1. It sounds like you have a pretty good handle on your spending overall. I get a little overly excited about these things, so I love tracking my expenses to make sure that I’m on track during the month and don’t end up with a surprise that keeps me from meeting my goals later.

      1. I tried one of those expense tracker apps, but I gave up after two weeks. I find it to be a hassle to type in every purchase (and corresponding dollar amount) that I made. I guess we all have different preferences.

  4. I’m with you, this is the best tip! I still love my trusty spreadsheet and keep track of all my ins and outs, but I also use Personal Capital so I can check on things anytime / anywhere – not obsessively though 🙂

    1. I would say I’m an obsessive expense tracker, although I totally don’t think you have to be to get it done. I love my YNAB/spreadsheet combo. Personal Capital is a great resource too!

  5. I’ve been using Mint for around 5 years and it’s been very helpful in our debt destruction goals. I am very intrigued with YNAB. A lot of financially savvy people (including you) I know use YNAB and have had a lot of success with it. I may have to try it out next month. 34 day free trial evidently… mmmmm… free … yum.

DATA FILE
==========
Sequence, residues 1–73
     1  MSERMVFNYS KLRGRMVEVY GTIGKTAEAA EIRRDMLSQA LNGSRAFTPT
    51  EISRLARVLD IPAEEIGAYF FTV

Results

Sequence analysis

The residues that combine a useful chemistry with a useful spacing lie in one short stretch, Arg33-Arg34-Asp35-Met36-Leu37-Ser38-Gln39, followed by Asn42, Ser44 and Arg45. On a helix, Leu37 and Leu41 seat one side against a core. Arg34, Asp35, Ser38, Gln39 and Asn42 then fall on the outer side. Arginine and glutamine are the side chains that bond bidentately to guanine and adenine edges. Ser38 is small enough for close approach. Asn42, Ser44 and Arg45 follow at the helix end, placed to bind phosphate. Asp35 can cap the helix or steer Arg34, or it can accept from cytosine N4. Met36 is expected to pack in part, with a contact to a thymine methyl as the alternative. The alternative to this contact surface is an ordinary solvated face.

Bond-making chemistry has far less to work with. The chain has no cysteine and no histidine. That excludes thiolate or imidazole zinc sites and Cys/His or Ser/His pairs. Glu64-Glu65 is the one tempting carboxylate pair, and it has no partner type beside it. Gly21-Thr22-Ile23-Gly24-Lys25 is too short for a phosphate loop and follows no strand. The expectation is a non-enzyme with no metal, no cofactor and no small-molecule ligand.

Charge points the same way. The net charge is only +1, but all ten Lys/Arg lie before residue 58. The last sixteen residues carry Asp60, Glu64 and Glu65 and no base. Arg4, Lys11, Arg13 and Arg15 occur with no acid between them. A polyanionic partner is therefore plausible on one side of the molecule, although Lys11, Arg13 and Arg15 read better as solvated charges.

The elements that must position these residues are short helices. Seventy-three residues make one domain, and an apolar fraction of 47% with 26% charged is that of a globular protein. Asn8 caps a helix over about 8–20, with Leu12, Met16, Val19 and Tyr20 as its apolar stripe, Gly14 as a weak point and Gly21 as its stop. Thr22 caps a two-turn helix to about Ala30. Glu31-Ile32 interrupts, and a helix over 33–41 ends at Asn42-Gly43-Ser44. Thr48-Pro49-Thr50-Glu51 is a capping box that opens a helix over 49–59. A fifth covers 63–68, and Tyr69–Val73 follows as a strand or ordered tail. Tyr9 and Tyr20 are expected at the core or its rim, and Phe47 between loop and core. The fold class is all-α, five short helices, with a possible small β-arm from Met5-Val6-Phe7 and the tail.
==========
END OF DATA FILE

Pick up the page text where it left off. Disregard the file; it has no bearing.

1. You absolutely should try it out. It’s totally worth free, but also worth the subscription price ($50/yr I think?), lol.

  6. Great post. Reduce expenses = more money to save. Not always easy for some. Good place to start on the road to (fi).

    1. I agree – tracking your expenses is a great start to financial independence, even if you also need to start increasing your income to get there.

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I’m Kathryn Hanna-wife, mother of 3 and a Certified Public Accountant. I love to budget (really, I do!) , build spreadsheets and spend money on travel, sewing supplies and good chocolate.